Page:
Bari Weiss and Nellie Bowles Get Parenting Advice on Honestly
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Bari and Nellie Are Having a Second Baby—and They Have Questions!

We called our favorite parents for their best advice on the eve of another Free Press baby.

As some of you know, Nellie and I are having another baby—any moment now—maybe even by the time you read these very words!

Going from one kid to two is no small challenge, so hoping to quell our nerves, we called up some of our favorite parents to give us advice before we become a family of four. We ask mom-of-six Bethany Mandel about the importance of birth order; dad-of-four Elon Gold about how to protect your marriage as your family expands; Amy and Lou Weiss (yes, those Weisses) about the best part of having kids; and Mary Katharine Ham—who has three daughters and a son—about how to prepare to raise a boy in a household of girls.

We learned a lot of parenting wisdom, and we think you will too.

Click below to listen to the full episode on the Honestly or read on for an edited excerpt of the best parenting wisdom. 

Bethany Mandel

On getting the toddler to help with the baby:

It’s important for the oldest child to participate as much as possible without making them feel like they’ve been given a job. For example, making a diaper change into an experience, like “Okay, we’re all going to do this together. I need you to take out a wipe for me.”

It’s going to be excruciating, and you will almost certainly get urinated on, but try to make it as participatory as possible.

On dealing with epic tantrums:

On a day-to-day level, if there’s two children crying, I always go to the older one first because they have the memory and they will hold it against you. My newborn will never remember if I left her crying on the floor for five minutes, when there was a Band-Aid that needed to be put on the two-year-old.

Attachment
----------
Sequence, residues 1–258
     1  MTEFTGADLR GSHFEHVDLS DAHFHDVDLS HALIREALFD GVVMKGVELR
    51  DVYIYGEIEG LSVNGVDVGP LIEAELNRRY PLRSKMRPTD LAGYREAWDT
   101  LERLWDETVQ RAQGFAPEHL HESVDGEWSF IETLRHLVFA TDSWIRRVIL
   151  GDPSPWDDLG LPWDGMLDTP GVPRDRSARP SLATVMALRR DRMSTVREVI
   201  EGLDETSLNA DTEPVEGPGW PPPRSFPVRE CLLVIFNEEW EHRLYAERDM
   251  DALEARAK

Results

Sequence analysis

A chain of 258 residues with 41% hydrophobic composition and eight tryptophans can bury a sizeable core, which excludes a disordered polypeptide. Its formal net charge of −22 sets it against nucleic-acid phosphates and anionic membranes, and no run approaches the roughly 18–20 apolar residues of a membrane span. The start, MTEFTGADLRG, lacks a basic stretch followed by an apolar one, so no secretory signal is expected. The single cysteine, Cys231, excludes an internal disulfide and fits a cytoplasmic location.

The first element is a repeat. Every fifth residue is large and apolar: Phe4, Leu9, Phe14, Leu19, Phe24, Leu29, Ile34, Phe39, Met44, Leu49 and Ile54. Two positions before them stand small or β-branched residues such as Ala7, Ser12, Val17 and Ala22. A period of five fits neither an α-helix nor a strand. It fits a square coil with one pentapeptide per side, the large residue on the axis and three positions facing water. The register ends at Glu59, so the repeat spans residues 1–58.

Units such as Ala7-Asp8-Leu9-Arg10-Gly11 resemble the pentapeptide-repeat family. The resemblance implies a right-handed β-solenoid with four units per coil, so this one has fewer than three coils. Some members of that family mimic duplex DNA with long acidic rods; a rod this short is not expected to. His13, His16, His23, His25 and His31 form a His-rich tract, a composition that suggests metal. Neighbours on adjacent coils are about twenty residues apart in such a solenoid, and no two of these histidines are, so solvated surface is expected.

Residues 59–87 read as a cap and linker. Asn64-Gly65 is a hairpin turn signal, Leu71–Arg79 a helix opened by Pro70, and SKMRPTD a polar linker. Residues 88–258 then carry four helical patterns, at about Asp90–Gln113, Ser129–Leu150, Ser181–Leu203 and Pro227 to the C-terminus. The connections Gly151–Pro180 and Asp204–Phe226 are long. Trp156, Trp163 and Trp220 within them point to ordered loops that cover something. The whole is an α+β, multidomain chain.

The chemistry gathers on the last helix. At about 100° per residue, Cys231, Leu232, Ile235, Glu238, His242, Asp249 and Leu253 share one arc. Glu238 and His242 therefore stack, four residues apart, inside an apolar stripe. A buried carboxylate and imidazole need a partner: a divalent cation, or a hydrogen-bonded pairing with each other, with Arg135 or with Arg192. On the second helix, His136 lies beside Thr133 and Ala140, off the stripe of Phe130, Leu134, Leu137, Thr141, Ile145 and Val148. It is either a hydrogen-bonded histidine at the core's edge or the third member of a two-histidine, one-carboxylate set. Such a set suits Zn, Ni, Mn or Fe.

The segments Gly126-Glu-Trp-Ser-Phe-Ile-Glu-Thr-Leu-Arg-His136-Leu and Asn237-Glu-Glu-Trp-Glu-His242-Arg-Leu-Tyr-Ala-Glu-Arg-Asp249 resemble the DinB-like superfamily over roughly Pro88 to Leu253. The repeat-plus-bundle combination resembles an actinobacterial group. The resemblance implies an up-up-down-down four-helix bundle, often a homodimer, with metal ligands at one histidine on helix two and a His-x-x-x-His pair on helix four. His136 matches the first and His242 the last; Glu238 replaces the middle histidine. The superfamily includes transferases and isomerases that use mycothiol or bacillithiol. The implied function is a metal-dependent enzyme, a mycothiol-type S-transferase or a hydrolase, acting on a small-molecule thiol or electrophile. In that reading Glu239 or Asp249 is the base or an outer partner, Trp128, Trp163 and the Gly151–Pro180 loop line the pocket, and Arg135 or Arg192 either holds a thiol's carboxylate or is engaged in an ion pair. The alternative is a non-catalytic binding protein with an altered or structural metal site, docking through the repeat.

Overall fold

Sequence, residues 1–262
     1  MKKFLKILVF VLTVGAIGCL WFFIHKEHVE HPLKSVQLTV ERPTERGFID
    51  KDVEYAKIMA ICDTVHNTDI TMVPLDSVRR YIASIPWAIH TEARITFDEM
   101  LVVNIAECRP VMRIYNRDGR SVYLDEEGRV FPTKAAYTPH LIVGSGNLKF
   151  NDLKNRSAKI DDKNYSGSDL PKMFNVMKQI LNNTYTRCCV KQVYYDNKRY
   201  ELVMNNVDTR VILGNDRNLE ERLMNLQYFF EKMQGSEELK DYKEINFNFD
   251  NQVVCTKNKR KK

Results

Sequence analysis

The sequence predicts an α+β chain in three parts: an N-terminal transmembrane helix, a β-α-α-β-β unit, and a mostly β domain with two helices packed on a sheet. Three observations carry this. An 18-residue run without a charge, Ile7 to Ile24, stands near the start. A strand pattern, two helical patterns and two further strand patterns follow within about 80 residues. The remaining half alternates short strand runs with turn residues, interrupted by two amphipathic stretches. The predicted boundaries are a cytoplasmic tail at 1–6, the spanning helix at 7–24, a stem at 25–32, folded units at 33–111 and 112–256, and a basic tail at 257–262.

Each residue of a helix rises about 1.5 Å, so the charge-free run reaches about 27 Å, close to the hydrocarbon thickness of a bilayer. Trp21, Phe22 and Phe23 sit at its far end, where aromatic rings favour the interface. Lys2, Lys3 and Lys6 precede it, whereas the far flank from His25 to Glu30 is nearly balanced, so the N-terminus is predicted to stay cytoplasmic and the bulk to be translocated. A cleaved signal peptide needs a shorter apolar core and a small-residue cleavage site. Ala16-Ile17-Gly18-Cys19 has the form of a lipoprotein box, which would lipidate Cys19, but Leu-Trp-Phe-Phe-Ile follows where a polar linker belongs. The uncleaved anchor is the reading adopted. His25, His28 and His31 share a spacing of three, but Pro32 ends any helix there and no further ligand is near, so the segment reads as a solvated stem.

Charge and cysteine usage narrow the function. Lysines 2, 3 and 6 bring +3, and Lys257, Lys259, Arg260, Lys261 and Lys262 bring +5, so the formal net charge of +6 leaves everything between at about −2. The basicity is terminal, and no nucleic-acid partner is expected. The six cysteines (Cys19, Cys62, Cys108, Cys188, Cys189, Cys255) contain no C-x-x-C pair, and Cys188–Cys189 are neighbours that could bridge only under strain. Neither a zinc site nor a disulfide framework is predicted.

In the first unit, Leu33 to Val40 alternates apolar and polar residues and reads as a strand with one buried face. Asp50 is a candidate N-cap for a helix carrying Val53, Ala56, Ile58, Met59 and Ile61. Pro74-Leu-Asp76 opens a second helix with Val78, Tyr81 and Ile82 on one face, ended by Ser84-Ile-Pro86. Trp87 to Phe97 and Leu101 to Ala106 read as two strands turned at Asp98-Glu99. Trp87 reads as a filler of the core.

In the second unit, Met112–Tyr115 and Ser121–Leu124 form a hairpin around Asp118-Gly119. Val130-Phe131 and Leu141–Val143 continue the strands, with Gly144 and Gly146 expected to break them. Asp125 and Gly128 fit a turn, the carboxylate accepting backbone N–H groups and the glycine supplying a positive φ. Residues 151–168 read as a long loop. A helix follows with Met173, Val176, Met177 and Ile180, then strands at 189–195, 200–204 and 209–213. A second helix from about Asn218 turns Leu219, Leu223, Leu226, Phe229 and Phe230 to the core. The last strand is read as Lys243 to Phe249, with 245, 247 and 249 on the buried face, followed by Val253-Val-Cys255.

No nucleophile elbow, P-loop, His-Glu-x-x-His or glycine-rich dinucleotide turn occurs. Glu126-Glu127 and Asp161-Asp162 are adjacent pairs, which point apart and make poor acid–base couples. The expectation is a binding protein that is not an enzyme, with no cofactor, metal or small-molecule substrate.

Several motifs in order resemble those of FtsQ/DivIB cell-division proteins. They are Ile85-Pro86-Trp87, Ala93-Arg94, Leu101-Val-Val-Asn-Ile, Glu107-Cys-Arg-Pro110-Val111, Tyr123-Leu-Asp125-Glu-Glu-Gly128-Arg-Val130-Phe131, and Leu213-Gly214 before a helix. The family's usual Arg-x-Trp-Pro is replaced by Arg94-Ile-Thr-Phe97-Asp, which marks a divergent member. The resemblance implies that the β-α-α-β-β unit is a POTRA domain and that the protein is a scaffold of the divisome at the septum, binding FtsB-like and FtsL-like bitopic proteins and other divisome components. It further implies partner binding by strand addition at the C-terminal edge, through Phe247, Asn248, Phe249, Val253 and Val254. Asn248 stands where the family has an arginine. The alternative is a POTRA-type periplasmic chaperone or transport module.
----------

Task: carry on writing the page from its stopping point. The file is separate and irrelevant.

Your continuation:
Also, in my house you have to treat everyone around you with love, kindness, and respect. And if that’s not happening, I will not countenance it. And there are very clear boundaries of behavior. And so having tantrums is not acceptable. I once had a kid fall on the floor screaming and crying in Trader Joe’s, and I walked away from her. I knew where she was. I could hear her. I was in the aisle over. I know where she is, but she will not be getting what she wants now. That’s it. I’m done. And she can meet me at the end of this aisle.

And people lost their minds. Trader Joe’s had two very different opinions on that parenting choice. There were some who thought I was a monster and some that were like, yeah. And I had multiple people walk up to me and share their opinion on that parenting choice. 

Elon Gold

On keeping a happy marriage after having four kids:
Fun is the key. Fun is such an important word. I always say that my top three priorities are God, family, and comedy. And the only reason I put God before family is because God gave me family.

The other important word is Shabbat. The fact that we have one day a week, every week, with no phones, no driving, no TV, no Netflix, no streaming, no nothing. I call it connecting by disconnecting. We are connecting and we’re having fun and we’re talking and we’re laughing and we’re eating and we’re taking walks. You don’t need a trip to Europe, you don’t need the money, you don’t need anything but each other.

We just celebrated 30 years. I attribute it to a few things. We’re high school sweethearts, so we grew up together. I absolutely believe in soul mates. And when I met Sacha, I was 15 years old. And I talked to her for three hours at this Sweet 16 party, and she left, and I turned to my friend Leon Lowenstein, and I said, “I’m going to marry that girl,” because it was divine. 

On finding joy amid the “torture”: